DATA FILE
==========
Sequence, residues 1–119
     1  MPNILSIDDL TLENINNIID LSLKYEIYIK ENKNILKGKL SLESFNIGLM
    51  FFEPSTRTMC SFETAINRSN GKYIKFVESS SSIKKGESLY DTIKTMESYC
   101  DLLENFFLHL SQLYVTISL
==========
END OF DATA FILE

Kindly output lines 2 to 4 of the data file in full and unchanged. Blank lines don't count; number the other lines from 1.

     1  MPNILSIDDL TLENINNIID LSLKYEIYIK ENKNILKGKL SLESFNIGLM
    51  FFEPSTRTMC SFETAINRSN GKYIKFVESS SSIKKGESLY DTIKTMESYC
   101  DLLENFFLHL SQLYVTISL